DNSC6267 Spr14 7 1 Essay

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DNSC 267: Planning and Scheduling

Sanjay Jain, Ph.D.
Session 7

One minute questions

Planning & Scheduling

2

Outline
 Time

in Contract Provisions and Litigation

 Project

Communications and Reporting

Planning & Scheduling

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Time in Contract Provisions

Disclaimer: The material covered in this class should not be construed as legal advice.

Major Contract Provisions
 Project’
 Cash

s Duration

Disbursements

 Scheduling

Planning & Scheduling

Technique

5

Project Coordination Provisions
 Kick-off

meeting requiring:

– Progress schedule
– Milestones
• Major procurements
• Major deliverables

– Major shutdowns
– Subcontractors and suppliers list
 Similar

requirements on subcontractor
 Cooperation among contractors
Planning & Scheduling

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Schedule Provisions
 Identification

of authoritative project schedule
 Contractor to prepare, owner to approve
 Responsibility for execution stays with contractor
 Availability of the first version and updates
 Level of detail
 Progress payments associated with schedule
 Schedule characteristics – CPM network
 Reporting requirements
Planning & Scheduling

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Example
“ No more than 30% of the monetary value of the project activities shall have float of less than seven days and no more than 20% of the monetary value of the project shall have zero float without prior written authorization of the
Owner.”

Planning & Scheduling

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Schedule Provisions (Contd.)
 Contractual

power to the owner to order an increase in workforce for delays
 Short interval schedules
 Limit on schedule changes that place requirements on owner

Planning & Scheduling

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Float Ownership
 Should

be addressed explicitly
 Case of change by owner on a path with float
 Conditions to define ownership
 End of project “float” – difference between
Contractor’s anticipated completion date and contract date

Planning & Scheduling

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Units of time
 Working

days vs. calendar days
 In construction – public owners tend to use working days while private owners use calendar days.  Weekend day may be considered a working day if not clearly specified upfront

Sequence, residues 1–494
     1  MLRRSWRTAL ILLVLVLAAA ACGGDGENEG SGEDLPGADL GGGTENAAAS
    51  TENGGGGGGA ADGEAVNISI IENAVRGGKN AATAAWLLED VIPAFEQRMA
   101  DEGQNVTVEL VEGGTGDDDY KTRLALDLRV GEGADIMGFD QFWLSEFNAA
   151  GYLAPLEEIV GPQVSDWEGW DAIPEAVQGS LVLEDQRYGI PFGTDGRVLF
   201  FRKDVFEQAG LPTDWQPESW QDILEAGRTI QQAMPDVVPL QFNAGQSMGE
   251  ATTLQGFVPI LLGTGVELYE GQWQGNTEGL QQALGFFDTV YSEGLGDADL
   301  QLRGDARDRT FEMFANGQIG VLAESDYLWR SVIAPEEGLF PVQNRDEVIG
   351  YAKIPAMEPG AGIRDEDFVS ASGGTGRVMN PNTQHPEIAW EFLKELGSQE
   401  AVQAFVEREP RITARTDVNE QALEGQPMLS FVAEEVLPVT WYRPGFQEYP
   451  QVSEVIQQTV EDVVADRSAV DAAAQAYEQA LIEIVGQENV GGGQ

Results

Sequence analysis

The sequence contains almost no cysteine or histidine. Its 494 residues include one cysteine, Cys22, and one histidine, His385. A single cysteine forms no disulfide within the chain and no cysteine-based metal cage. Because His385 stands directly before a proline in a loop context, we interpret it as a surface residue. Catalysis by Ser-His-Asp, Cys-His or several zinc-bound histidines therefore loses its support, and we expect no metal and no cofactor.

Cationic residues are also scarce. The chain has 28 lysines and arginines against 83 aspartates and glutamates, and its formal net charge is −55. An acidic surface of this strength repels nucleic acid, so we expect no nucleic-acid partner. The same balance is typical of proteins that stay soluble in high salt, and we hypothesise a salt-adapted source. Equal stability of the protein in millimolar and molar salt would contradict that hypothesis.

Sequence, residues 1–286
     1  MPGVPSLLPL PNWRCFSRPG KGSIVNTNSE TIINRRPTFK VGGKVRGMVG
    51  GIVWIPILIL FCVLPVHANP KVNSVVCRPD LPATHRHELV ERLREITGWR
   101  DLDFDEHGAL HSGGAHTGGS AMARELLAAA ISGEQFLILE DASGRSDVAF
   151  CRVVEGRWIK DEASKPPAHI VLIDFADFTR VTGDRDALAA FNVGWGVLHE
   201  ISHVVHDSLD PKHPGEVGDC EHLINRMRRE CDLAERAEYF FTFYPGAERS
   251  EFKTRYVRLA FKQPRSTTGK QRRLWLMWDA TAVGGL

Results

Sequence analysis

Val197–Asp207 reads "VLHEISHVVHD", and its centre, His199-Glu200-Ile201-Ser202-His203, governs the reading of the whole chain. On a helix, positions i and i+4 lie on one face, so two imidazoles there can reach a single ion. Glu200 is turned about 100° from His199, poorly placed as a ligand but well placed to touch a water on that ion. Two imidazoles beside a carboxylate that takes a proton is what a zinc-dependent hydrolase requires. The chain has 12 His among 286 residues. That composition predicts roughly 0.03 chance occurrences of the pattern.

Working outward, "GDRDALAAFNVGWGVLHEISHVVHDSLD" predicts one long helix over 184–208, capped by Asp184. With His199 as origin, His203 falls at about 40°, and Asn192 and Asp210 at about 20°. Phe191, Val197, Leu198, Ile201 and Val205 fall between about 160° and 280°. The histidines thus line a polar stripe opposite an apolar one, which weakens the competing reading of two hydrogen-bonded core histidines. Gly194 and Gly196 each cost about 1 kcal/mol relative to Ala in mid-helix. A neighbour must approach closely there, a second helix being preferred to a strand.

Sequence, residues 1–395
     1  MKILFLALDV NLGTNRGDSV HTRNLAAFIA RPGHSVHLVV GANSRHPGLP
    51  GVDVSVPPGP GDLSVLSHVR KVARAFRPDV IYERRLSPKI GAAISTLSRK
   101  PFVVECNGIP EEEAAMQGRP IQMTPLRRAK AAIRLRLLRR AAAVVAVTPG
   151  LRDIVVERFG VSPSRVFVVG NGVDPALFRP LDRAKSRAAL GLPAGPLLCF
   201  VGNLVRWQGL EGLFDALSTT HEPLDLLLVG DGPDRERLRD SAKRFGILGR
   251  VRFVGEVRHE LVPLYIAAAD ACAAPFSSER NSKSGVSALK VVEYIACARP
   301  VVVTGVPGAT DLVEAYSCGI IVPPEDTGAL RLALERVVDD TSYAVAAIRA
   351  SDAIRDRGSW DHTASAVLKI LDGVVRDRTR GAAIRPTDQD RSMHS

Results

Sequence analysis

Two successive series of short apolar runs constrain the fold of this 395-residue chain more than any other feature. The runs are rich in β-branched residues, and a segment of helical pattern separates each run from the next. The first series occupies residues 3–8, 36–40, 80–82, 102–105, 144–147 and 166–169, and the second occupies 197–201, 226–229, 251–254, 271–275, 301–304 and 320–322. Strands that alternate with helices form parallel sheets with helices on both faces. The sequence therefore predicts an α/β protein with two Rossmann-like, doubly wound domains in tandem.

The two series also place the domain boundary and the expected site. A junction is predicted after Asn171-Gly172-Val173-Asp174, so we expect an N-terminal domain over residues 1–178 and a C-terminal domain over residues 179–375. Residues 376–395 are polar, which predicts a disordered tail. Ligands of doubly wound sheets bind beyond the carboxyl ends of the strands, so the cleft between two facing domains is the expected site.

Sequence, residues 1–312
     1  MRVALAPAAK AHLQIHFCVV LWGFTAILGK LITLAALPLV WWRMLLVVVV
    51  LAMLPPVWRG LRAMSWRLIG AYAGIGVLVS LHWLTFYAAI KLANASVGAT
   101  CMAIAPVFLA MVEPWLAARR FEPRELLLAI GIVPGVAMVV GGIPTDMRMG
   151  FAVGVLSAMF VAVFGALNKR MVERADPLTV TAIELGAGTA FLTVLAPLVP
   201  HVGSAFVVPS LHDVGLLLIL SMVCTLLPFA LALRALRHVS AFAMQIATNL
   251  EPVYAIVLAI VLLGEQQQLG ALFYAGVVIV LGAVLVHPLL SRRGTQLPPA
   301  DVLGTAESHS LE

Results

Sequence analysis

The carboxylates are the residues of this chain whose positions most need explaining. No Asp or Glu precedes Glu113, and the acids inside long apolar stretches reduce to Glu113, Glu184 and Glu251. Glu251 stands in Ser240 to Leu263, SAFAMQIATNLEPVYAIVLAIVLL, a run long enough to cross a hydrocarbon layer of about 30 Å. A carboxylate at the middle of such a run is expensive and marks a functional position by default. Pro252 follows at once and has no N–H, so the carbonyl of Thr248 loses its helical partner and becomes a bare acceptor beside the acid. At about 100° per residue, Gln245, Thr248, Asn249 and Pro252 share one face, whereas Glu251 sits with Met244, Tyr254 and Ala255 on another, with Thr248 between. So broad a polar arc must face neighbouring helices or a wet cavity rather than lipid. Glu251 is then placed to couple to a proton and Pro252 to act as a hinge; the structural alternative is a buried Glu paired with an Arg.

 Durations defined by specific completion dates
 “Usual anticipated disruptions” should be defined Planning & Scheduling

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Late completion
 Liquidated

damages - $/day
 May be defined as losses per day to owner and not a specific amount

Planning & Scheduling

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Other Provisions
 Use

of completed portions of work (Beta release in software?)
 Substantial completion
 Delays (notice, avoidable vs. unavoidable)
 Extensions
 Submittals/ design and procurement approvals
 Progress/ final payments
 Suspension
 Termination by contractor
Planning & Scheduling

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Contract Examples
 Website

design:

http://www.gallantrywebdesign.com/contract.html
 Samples

from American Institute of Architects:

http://www.aia.org/contractdocs/AIAB093904 (requires sign-in)  Construction:

http://www.rocketlawyer.com/secure/interview/quest ions.aspx?document=22398887&utm_source=1024&v=3#q1 (requires sign-in)
 Technical

writing:

http://www.cybertext.com.au/contract_sample.pdf
Planning & Scheduling

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CPM in Dispute Resolution and Litigation

Disputes
1.

Who caused the delay, i.e., who was at fault?

2.

How much of a time delay occurred?

3.

What monetary awards should be made?

CPM addresses Q. 2 and helps in Q. 3 above.

Planning & Scheduling

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Case#1 - Blackhawk
 CPM

constructed after the completion of project based on project logs
 Delay found to be caused by owner on critical path of “as-planned” network
 But, the critical path had shifted during execution due to contractor delays.
 CPM used to determine the impact of multiple concurrent delays

Planning & Scheduling

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Cases
 Minmar

– Bar chart not acceptable since no
CPM chart was provided
 Pathman vs. Hi-Way – CPM successfully used to identify cause of delay
 Brooks Towers vs Hunkin-Conkey –
– Acceptance of cost of change order
– Silence on time…